The multimillion rand development in Ballito is nearly complete. Photo: Brian Spurr

KwaZulu-Natal - A sparkling pool, full dams, manicured lawns, lush vegetation and Balinese-type buildings.

It’s a scene set for royalty, but the question over whether anyone will be allowed to occupy this luxury development, estimated at R200 million, on the coast of Ballito, has yet to be decided.

The controversial development adjacent to Zimbali is just about complete. It is owned by Zimbabwean Robert Mhlanga, alleged to be a close ally of Zimbabwean president Robert Mugabe.

Zimbabwe votes on Saturday on a draft constitution that will underpin new elections to end the uneasy power-sharing arrangement between Mugabe and Prime Minister Morgan Tsvangirai.

Tensions are already increasing with reports on Friday that members of the Tsangirai’s Movement for Democratic Change were assaulted on Friday by Mugabe supporters as they were putting up posters in Harare.

The new constitution would curb the presidential powers Mugabe has enjoyed for decades and lay the groundwork for elections in July.

Neighbours of the Ballito property suspected the mansion could be a bolthole for Mugabe although this has been denied by representatives of the owner.

An aerial photograph taken on Friday when compared to an image taken almost a year ago, shows a beautifully laid out development, just about complete. The development comprises a gate house, two large dams, one estimated to be 6 000 m² and the other 3 000m², below ground grassed security offices and extensive paved and parking areas.

Mhlanga, an Air Vice-Marshall in the Zimbabwean Air Force before retirement, has denied he was a pilot for Mugabe.

He has been embroiled in battle with the KwaDukuza municipality, over building approvals for his development.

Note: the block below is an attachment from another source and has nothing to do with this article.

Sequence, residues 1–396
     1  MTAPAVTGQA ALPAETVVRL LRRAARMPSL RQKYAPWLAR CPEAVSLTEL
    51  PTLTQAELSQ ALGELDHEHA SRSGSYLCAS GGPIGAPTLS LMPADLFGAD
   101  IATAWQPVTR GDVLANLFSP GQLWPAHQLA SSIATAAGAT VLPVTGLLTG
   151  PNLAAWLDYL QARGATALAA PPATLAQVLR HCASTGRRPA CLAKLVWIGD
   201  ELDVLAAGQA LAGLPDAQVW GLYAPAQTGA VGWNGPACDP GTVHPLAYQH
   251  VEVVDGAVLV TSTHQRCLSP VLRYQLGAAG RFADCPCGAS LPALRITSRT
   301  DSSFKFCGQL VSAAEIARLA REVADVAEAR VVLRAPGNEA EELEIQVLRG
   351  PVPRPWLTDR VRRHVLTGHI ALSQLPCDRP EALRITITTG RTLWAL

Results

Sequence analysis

He claimed in court papers that he had not sought to flout building regulations, had taken expert advice, and that one of the two properties on which the development was located was agricultural land, for which no building plans were required, while the other had been rezoned.

The council last year said in court papers that they had “very serious concerns about the nature of the building works”. Plans hadn’t been submitted for the work which began in September 2011. “Not only are the works substantial, but their effect with regard to stormwater run-off, water reticulation, sewage and the like is likely to have a large or potential impact on the area in general,” municipal building control officer Njabulo Ngwane said in his affidavit.

Lazelle Paolo, Mhlanga’s lawyer, confirmed on Friday that the building plans had not yet been approved. “We resubmitted documents in December, and have not yet heard anything from the council.”

The council had not replied to questions at the time of going to print on Friday.

A KwaDukuza council report last week stated that the issue over the building plans was still pending and that the court had ruled that the construction work could continue, as it was in an advanced stage of completion.

The developers were also instructed to allow responsible officials to inspect any building work on the properties at any reasonable time.

The council had requested the building plans be submitted on or before May 23 last year and plans were submitted on June 7.

They were disapproved on July 10.

A full hearing of the matter is still to be heard.

However, the council maintains that as the plans have not yet been approved, it’s classified as an illegal structure and cannot be occupied.

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